The Power of Mise-En-Place
-by Jon-Stephen Stansel
If your work space is organized, the rest will follow.
Walk into any professional kitchen and you’ll see the power of “mise-en-place” in full effect. Translated into “everything in its place,” it is the concept by which professional chefs organize their work spaces and work flows. It’s a way of organizing spaces in the most effective way so all your tools are exactly where you need them when you need them. But, beyond that it has expanded into a philosophy of life. If your workspace is organized, the rest will follow.
I first came across this concept in Dave Cameron’s amazing "Human at Work" presentation at the 2014 HighEd Web conference and since then I have fully adopted it into my daily life.
I have organized my workspace into its most basic essentials. Everything I need is easily at hand and free of clutter. This extends beyond just my physical desktop and into the digital world as well. My desktop is sorted into clean folders and email is sorted as it is received. Even the apps on my phone are arranged so my most frequently used apps are an easy thumb-reach away.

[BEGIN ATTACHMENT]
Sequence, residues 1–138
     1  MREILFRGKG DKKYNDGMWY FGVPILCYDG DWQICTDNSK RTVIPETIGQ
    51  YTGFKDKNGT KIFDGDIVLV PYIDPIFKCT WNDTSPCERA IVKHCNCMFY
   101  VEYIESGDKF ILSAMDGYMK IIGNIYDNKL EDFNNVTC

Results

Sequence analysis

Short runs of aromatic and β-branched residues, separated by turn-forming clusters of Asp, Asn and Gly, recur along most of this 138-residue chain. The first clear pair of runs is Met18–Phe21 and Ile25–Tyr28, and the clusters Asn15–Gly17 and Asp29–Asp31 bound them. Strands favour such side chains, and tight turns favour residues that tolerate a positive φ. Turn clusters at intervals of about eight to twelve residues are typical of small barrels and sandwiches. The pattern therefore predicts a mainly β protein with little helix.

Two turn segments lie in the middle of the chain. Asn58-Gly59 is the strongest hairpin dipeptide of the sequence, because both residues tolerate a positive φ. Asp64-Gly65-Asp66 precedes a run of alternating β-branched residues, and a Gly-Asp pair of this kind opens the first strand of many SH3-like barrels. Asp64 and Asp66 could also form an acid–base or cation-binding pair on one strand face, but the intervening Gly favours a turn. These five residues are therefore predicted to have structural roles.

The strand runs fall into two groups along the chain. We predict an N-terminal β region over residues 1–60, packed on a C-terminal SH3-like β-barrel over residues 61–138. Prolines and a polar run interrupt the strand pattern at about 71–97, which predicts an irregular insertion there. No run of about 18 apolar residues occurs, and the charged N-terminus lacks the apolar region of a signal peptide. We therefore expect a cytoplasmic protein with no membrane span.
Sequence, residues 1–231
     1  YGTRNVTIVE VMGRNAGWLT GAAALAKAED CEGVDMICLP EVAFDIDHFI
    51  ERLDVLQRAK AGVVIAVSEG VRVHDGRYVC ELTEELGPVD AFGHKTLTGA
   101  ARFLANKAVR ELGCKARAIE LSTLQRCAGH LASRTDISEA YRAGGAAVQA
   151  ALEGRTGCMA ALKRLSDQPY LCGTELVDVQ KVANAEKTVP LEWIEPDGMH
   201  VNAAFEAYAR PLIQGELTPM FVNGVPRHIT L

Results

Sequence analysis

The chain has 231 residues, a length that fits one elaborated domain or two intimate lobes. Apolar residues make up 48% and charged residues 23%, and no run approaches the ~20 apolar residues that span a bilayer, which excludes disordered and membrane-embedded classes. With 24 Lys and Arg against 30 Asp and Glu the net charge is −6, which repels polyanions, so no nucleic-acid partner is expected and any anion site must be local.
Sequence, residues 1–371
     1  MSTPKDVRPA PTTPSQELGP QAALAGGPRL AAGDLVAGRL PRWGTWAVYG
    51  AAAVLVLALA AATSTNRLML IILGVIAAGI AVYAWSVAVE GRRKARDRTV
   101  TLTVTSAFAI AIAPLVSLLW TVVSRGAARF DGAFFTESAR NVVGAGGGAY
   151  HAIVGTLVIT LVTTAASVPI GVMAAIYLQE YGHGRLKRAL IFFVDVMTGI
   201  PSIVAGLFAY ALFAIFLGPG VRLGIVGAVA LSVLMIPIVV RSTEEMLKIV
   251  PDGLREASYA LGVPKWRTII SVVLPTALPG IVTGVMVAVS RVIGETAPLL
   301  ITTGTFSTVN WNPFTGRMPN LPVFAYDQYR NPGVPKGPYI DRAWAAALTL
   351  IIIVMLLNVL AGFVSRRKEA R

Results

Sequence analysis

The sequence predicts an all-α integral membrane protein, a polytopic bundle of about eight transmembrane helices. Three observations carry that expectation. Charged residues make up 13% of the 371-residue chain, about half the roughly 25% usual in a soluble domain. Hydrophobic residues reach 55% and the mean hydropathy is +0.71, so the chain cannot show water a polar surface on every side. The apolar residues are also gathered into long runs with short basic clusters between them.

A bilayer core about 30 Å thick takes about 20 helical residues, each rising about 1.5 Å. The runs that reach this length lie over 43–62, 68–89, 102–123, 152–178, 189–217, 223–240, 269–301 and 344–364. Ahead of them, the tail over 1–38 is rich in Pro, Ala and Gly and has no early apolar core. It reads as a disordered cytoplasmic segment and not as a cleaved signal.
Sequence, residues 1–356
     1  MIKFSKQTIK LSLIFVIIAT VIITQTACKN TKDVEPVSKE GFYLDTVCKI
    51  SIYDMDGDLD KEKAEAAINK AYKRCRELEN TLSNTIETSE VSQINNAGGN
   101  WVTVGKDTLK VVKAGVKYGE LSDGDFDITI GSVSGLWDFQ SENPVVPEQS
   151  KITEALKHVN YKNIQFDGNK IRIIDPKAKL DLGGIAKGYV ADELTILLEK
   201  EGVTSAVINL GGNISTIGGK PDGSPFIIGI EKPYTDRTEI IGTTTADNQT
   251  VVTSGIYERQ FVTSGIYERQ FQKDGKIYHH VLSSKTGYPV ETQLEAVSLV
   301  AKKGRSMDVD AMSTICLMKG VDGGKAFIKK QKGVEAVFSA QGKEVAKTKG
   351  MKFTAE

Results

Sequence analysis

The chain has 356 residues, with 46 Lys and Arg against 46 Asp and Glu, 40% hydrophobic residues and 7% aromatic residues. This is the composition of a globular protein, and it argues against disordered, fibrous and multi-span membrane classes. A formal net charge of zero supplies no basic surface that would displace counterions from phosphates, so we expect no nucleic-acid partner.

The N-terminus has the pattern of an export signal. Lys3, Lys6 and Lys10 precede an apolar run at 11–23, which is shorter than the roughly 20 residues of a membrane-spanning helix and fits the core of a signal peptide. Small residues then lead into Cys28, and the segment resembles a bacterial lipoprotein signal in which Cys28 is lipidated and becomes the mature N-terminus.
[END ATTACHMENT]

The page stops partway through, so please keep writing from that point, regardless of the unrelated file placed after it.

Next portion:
At the end of every work day, I take 15 minutes to reorganize and prepare my workspace for the following day. I put my headphones on their charger, put my pens and notebooks in their proper drawers, water my plants, clean out my email inbox, and declutter my digital desktop as well. I even keep a tube of disinfecting wipes in my cabinet and wipe down my desk before I leave. It might seem a bit O.C.D. but it’s like a little present I’m leaving for my future self. It signals to my brain that the work day is over and when I arrive the next morning, I have everything where I need it and I’m ready for a new day.
I’ve even extended this beyond my workspace. I have a “mise en place” for my car, my shaving kit, and briefcase. It might seem a little much, but once everything has found its place, it is easy to maintain and establish a habit. In the end, it frees your mind of a lot of mental clutter and allows you to work with a clean flow and focus.
I highly recommend Dan Charnas’s book “Work Clean: The Life-changing Power of Mise-en-Place to Organize Your Life, Work and Mind.” In it he details how chef’s use mise-en-place and many of the ways you can incorporate it into your life.